Same with game consoles, all I see nowadays is the same unrealistically-behaving shit rendered at higher resolutions and higher frame rates. Eye candy, sure, until it moves, and then it becomes clear there are no laws of physics on planet gameconsole.

Yay, back on topic!

Nah git orf moi lawn!

Re:Process (1)

Applekid (993327) | about 6 months ago | (#45082075)

I'm a paper towel man. Every advance in technology since then has made things worse.

Here, here. And taps with actual knobs on them, too.

1. Soap up
2. Rub hands
3. Turn on water
4. Lather up
5. Rinse
6. Quickly grab paper towel, use it to turn off water
7. Toss, get one drying towel
8. Dry hands, keep towel to use to open restroom door
9. Toss in garbage provided inches from the door.

Perfectly hygenic, no triclosan required. Also, 2 minutes of hate for those awful push-taps that are never open long enough to properly wash your hands, compelling the user to either cut it short or pushing the [unclean] button again.

Re:Process (2)

PopeRatzo (965947) | about 6 months ago | (#45080761)

The Dyson ones where you stick you hands in the slot and then draw them out slowly as they are irradiated seem to work pretty well, except your fingernails fall off.

No, that last part is kidding. They work pretty well and the radiation is in my head.

Re: Process (0)

Anonymous Coward | about 6 months ago | (#45081731)

You can buy non-kit Arduino boards on eBay, even counterfeit ones, for $10 or less. I like soldering, but it's completely optional and actually can mske your board codt more.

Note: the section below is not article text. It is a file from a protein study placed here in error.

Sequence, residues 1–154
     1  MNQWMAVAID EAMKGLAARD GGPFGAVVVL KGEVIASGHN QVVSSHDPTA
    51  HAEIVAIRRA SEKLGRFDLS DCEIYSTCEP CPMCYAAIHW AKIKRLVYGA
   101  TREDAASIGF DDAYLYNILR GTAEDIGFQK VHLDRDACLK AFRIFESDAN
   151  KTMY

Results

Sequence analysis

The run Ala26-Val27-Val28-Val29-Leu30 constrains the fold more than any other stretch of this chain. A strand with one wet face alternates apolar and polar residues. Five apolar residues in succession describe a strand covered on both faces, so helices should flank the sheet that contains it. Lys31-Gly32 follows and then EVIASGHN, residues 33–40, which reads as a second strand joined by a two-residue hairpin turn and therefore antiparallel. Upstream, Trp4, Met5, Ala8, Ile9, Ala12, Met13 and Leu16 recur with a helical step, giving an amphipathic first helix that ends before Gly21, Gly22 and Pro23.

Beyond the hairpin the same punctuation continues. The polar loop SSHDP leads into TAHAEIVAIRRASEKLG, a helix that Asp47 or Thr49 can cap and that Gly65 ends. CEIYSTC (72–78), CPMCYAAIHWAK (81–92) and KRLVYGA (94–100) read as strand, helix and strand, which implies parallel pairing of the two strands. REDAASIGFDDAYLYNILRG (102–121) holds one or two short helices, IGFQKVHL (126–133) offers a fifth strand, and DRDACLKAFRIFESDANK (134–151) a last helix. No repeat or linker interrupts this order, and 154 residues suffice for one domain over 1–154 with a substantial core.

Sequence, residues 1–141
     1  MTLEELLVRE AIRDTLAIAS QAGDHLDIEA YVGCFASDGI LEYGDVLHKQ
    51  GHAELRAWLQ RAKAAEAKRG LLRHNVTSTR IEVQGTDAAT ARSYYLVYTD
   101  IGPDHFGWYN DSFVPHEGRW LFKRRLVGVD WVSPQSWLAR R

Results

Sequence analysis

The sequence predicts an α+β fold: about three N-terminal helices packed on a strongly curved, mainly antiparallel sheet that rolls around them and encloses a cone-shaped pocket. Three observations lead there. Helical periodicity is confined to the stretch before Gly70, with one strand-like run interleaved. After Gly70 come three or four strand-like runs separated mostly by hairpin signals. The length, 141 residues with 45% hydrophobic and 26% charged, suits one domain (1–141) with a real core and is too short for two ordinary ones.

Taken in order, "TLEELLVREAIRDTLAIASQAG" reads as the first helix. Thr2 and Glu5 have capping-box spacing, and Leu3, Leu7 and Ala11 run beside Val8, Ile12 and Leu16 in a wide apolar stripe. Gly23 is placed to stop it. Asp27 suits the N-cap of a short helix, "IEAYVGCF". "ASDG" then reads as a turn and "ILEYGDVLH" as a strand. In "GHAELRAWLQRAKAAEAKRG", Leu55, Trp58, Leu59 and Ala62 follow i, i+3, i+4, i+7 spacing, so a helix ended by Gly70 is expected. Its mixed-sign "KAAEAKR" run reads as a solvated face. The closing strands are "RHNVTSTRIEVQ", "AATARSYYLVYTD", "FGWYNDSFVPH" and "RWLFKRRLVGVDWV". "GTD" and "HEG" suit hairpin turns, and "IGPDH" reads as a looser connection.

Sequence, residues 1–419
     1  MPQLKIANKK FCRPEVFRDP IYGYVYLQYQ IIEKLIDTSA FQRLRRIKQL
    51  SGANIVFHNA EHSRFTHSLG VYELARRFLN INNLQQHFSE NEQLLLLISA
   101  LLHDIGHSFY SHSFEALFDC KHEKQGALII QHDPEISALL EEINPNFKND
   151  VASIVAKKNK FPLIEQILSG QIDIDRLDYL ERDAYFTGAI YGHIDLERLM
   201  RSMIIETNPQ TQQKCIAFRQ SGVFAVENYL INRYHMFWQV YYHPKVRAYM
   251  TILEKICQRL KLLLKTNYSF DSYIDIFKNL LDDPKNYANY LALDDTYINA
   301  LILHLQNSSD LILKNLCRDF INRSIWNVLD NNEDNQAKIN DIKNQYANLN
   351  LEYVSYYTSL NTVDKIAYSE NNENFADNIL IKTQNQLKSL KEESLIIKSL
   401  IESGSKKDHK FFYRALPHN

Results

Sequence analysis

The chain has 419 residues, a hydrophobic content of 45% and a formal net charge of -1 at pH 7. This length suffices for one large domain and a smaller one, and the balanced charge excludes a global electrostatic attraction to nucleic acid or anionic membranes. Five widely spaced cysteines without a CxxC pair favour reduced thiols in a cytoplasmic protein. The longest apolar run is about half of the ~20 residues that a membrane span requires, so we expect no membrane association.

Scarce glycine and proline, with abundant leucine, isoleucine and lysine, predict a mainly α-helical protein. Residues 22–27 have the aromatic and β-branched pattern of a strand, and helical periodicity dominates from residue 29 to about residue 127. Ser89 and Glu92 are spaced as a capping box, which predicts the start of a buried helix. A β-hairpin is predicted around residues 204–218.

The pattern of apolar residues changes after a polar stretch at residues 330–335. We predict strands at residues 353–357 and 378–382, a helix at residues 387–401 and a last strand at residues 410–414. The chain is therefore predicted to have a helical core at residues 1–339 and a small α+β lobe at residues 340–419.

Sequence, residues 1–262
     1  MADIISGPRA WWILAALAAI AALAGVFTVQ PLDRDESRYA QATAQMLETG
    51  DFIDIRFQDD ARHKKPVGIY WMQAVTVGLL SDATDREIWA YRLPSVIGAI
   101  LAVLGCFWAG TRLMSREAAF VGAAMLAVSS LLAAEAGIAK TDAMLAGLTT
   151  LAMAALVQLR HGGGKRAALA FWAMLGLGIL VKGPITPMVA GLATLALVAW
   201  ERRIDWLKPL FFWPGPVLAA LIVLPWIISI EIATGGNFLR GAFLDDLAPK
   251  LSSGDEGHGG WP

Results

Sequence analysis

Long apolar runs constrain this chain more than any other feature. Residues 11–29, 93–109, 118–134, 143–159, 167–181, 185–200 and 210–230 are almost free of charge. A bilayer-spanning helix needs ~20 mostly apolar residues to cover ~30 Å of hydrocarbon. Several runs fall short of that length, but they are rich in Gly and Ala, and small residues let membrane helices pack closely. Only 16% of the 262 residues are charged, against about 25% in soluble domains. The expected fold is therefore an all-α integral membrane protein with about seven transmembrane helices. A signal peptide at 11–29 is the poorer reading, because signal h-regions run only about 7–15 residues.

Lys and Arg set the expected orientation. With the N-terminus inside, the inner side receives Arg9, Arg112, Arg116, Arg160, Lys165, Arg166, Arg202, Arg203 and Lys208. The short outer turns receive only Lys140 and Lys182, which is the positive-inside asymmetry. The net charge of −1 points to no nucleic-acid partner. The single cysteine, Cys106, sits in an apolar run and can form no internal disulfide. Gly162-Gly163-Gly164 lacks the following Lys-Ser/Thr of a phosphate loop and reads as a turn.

Lies (0)

Anonymous Coward | about 6 months ago | (#45079499)

Nothing in that looked even close to contemporary game graphics. The best it had looked like something from twenty years ago.

no (2)

Charliemopps (1157495) | about 6 months ago | (#45079687)

so I'm seeing Super Nintendo / Game cube quality graphics there... so no, it's still retro.

Re:no (3)

AC-x (735297) | about 6 months ago | (#45079765)

Damn, when did Gamecube become "retro"? Am I really that old?

Re:no (0)

Anonymous Coward | about 6 months ago | (#45079921)

Damn, when did Gamecube become "retro"? Am I really that old?

Looking at your UID: Yes, you are. :-)

Re:no (1, Insightful)

wbr1 (2538558) | about 6 months ago | (#45079961)

Yes, you are.

I knew I was old as soon as I started hearing songs I listened to in Middle/High school on the radio labeled as classic rock.

(and then my hair fell out)

Re:no (1)

turp182 (1020263) | about 6 months ago | (#45081813)

Hear hear, the local rock station regularly plays Iron Maiden as part of regular programming. Such bands would only get played on the radio during "heavy metal" night back in the early 1990s. It's weird hearing Maiden's Run to the Hills next to Rock and Roll by Led Zeppelin...

Crowded market (1)

AC-x (735297) | about 6 months ago | (#45079791)

With this, Raspberry Pi, Arduino Tre, pcDuino, Beagleboard etc. the market for low-cost, bare-bones, graphics capable single-board computers is getting pretty crowded...

Re:Crowded market (0)

Anonymous Coward | about 6 months ago | (#45079979)

With this, Raspberry Pi, Arduino Tre, pcDuino, Beagleboard etc. the market for low-cost, bare-bones, graphics capable single-board computers is getting pretty crowded...

Alternate view.. More stuff to play with than ever before.

Re: Crowded market (0)

Anonymous Coward | about 6 months ago | (#45081751)

Yeah, but it sucks if you're a marketing type.

Re: Crowded market (0)

Anonymous Coward | about 6 months ago | (#45087911)

Yeah, but it sucks if you're a marketing type.

True.. But what has this to do with anything?

Re:Crowded market (0)

Anonymous Coward | about 6 months ago | (#45082089)

With this, Raspberry Pi, Arduino Tre, pcDuino, Beagleboard etc. the market for low-cost, bare-bones, graphics capable single-board computers is getting pretty crowded...